Beginner Figure Drawing: Learn To Draw Stunning Poses | Robert Joyner | Skillshare

Beginner Figure Drawing: Learn To Draw Stunning Poses

Robert Joyner, Making Art Fun

Beginner Figure Drawing: Learn To Draw Stunning Poses

Robert Joyner, Making Art Fun

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56 Lessons (14h 14m)
    • 1. Overview

      3:02
    • 2. About This Course

      2:29
    • 3. Introduction To Gesture & Structure

      18:24
    • 4. Structure Basics

      18:25
    • 5. Gesture Basics

      10:39
    • 6. Gesture Basics Part 2

      6:38
    • 7. Forms

      13:47
    • 8. Forms With Perspective Part 1

      17:01
    • 9. Forms With Perspective Part 2

      9:47
    • 10. Simple But Characteristic

      19:15
    • 11. Pencil Method

      18:54
    • 12. Facing, Leaning, Tilting Rotating

      19:10
    • 13. Connecting Line

      19:46
    • 14. Longest Sustained Curve

      6:23
    • 15. Master's Analysis; Gesture & Structure

      22:10
    • 16. Drawing Tips

      8:39
    • 17. Demo 1

      14:17
    • 18. Demo 2

      22:07
    • 19. Demo 3

      19:20
    • 20. Practice Reel Assignment

      19:28
    • 21. Roberts Take; Practice Reel Assignment

      21:45
    • 22. Body Part: Head

      12:41
    • 23. Master's Analysis; Head Part One

      17:37
    • 24. Master's Analysis; Head Part Two

      15:22
    • 25. Body Part: Neck & Torso

      18:38
    • 26. Master's Analysis: Torso Part One

      23:05
    • 27. Master's Analysis: Torso Part Two

      22:07
    • 28. Demo One

      8:32
    • 29. Demo Two

      10:12
    • 30. Demo Three

      8:02
    • 31. Body Part: Arms & Shoulders

      18:03
    • 32. Masters analysis arms shoulders 1 HD 1080p

      24:41
    • 33. Masters analysis arms shoulders 3 HD 1080p

      19:55
    • 34. Masters analysis arms shoulders 4 HD 1080p

      24:34
    • 35. Masters analysis arms shoulders 5 HD 1080p

      11:21
    • 36. Arm: Demo One

      11:10
    • 37. Arm: Demo Two

      11:17
    • 38. Legs & Feet

      24:36
    • 39. Master's Analysis: Legs & Feet Part One

      21:15
    • 40. Master's Analysis: Legs & Feet Part Two

      9:39
    • 41. Leg Demo One

      6:55
    • 42. Leg Demo Two

      8:54
    • 43. Proportions Part One

      18:47
    • 44. Proportions Part Two

      8:17
    • 45. Proportions Part Three

      10:02
    • 46. Profile Proportions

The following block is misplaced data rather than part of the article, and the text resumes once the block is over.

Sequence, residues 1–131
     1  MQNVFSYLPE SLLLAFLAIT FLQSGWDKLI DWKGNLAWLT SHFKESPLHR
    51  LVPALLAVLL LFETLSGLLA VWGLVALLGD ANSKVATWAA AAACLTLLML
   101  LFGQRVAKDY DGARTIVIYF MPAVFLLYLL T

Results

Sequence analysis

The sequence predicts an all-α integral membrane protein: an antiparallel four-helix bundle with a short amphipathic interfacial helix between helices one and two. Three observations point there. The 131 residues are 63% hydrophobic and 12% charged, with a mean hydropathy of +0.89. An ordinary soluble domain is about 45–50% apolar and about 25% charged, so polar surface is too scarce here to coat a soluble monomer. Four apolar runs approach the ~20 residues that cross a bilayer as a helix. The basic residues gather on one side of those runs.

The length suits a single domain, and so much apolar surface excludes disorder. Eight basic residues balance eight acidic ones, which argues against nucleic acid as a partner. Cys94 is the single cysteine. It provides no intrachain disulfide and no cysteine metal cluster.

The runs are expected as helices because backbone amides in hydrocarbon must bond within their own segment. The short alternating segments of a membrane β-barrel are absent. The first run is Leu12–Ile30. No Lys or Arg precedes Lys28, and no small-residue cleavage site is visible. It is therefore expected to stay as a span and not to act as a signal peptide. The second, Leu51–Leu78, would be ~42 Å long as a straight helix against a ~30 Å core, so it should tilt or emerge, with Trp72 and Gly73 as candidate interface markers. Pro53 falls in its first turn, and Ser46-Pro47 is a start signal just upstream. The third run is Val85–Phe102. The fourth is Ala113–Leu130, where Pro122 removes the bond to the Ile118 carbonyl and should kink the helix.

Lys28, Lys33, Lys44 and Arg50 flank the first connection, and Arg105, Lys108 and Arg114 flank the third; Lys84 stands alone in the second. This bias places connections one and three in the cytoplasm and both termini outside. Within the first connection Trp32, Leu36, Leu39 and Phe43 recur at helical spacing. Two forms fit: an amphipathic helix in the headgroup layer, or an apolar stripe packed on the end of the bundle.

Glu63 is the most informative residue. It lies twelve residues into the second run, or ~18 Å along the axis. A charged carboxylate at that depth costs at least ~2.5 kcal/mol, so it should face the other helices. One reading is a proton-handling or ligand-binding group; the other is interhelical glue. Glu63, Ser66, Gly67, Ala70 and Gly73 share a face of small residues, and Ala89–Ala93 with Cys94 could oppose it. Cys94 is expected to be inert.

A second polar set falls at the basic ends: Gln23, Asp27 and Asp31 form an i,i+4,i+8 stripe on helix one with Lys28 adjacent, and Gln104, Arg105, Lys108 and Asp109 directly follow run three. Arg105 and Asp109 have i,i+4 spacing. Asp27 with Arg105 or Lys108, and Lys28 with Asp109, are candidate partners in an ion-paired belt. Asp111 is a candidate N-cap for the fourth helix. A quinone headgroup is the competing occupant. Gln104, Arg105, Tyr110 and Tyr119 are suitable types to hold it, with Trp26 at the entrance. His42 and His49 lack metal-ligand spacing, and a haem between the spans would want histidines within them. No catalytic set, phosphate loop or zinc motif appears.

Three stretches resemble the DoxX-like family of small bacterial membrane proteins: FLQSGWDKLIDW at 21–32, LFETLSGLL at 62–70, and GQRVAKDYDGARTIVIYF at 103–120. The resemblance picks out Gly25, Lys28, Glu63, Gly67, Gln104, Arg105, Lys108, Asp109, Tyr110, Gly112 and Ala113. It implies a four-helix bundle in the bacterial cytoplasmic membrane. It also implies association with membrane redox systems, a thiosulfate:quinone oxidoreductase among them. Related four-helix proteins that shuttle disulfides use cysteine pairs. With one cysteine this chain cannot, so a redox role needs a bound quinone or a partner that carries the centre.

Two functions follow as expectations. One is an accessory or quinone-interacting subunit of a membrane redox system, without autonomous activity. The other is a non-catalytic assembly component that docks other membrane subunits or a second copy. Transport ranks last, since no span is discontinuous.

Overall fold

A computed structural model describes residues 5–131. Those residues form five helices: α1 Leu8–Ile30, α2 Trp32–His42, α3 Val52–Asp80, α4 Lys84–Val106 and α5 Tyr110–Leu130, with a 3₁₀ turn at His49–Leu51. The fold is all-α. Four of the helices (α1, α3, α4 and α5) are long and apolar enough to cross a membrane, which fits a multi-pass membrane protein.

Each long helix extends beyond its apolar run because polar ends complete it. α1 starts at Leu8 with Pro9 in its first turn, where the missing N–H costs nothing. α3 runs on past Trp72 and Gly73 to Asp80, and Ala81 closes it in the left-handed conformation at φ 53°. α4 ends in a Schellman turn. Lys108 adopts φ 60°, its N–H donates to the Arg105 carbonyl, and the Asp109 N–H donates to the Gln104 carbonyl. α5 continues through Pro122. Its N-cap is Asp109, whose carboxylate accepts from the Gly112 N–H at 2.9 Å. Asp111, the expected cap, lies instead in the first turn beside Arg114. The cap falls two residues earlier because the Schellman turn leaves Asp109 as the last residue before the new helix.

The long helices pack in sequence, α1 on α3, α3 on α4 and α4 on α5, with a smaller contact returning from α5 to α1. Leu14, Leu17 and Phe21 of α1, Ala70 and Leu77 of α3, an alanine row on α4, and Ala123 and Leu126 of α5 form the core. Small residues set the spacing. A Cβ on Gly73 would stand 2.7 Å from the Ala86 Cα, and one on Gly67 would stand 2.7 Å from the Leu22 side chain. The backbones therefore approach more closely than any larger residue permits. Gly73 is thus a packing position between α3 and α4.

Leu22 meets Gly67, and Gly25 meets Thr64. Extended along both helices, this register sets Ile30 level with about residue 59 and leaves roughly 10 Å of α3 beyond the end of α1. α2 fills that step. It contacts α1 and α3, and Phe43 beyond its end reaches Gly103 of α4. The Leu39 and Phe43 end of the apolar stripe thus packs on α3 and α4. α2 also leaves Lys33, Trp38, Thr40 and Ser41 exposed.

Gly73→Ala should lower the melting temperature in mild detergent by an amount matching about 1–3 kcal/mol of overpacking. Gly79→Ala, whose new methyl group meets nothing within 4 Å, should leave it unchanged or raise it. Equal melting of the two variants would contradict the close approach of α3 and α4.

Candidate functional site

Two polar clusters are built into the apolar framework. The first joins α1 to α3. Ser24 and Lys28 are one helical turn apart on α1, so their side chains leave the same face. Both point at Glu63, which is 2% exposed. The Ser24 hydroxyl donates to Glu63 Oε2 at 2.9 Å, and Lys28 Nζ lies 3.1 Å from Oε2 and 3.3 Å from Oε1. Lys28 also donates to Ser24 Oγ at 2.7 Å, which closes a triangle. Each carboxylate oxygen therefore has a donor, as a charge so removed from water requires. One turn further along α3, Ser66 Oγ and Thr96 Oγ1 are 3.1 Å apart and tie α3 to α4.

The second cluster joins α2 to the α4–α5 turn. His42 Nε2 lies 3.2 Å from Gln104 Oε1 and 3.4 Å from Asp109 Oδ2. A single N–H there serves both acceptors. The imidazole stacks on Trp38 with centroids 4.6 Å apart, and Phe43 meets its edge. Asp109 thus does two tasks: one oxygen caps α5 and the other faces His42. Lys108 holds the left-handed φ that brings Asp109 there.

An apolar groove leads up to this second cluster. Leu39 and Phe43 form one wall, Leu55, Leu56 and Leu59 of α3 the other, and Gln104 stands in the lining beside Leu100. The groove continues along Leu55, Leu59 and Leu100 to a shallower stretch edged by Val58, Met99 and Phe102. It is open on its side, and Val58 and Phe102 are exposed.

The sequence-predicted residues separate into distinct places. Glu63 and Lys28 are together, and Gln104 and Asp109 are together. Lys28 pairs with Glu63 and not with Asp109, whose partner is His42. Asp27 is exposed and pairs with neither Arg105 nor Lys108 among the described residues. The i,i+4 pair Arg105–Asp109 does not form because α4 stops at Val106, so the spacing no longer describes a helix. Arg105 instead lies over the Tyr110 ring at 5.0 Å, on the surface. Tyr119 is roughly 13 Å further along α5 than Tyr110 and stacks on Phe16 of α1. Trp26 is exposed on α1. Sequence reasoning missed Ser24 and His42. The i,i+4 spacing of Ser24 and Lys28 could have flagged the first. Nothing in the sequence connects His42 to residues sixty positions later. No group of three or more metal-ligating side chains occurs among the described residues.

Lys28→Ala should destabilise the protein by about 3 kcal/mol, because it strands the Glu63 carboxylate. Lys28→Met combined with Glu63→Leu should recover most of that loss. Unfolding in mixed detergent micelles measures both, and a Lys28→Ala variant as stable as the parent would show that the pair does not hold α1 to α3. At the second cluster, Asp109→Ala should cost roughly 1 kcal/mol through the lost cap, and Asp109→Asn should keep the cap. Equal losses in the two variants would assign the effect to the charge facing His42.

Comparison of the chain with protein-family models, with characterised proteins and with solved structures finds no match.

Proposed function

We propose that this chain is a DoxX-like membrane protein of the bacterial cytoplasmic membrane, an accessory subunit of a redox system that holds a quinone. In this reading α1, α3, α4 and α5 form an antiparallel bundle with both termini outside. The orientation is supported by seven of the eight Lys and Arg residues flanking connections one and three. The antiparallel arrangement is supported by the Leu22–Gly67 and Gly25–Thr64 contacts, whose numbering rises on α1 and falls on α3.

14:00
    • 47. Profile Proportions Part Two

      5:13
    • 48. Proportions Back View Part One

      14:07
    • 49. Proportions Back View Part Two

      8:51
    • 50. ProportionsWith Skeleton

      27:22
    • 51. Body Parts Summary

      21:14
    • 52. Proportions Demo One

      12:12
    • 53. Proportions Demo Two

      17:40
    • 54. Final Assignment Practice Reel

      25:59
    • 55. Roberts Take Part 1

      16:27
    • 56. Roberts Take Part 2

      13:36
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About This Class

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Welcome To Beginner Figure Drawing! The ultimate online course for complete beginners that aspire to draw the human figure.

My name is Robert Joyner, and I'm a full-time artist from beautiful Virginia. I've been painting and teaching for over 15 years and I'm thrilled to bring this in-depth figure drawing course to you via SkillShare.

This class has been carefully constructed and includes a step-by-step approach that will build confidence without getting overwhelmed. If you can draw a circle, square and rectangle then you are more than qualified to take this course.

OVERVIEW

Section One: Gesture & Structure

These are  the ultimate building block for your drawings. Unlike many figure courses gesture is used in a very unique way. Instead of drawing stick figures we will use it to locate and draw the lovey curves that make up the body. Each pose has many gestures and you will quickly discover how to find them.

Structure is used to add volume and depth to each gesture. This makes the gestures more dynamic and allows you to sculpt each area of the body using simple forms and volumes.

Section Two: Body Parts

This is a complete breakdown of the main body parts including the head, neck, ribcage, waist, pelvis, arms, shoulders, legs and feet. You will learn easy ideas for drawing each part using gesture & structure!

Section Three: Proportions

You will learn to develop a general model for understanding the front, back and profile views. Plus we will discuss some key similarities and differences between male and female bodies.

Section Four: Final Assignment

Here you will put your knowledge and skills to the test. There is a practice reel that includes four poses, each one is six minutes long. To make it even better I will complete the same exact practice reel so you have something to compare your work to!

As you can see this is the perfect lesson plan for beginners! It also includes:

Master's analysis - throughout the course we will look at some of the Master's figure drawings, like Michelangelo, Raphael and more, to see how they used the ideas shared in this course in their work.

Hours Of Demos - Each lecture is accompanied with a series of demonstrations where I will use images of models to draw the ideas for you. So, you will see how each main idea can be implemented in a variety of situations and poses.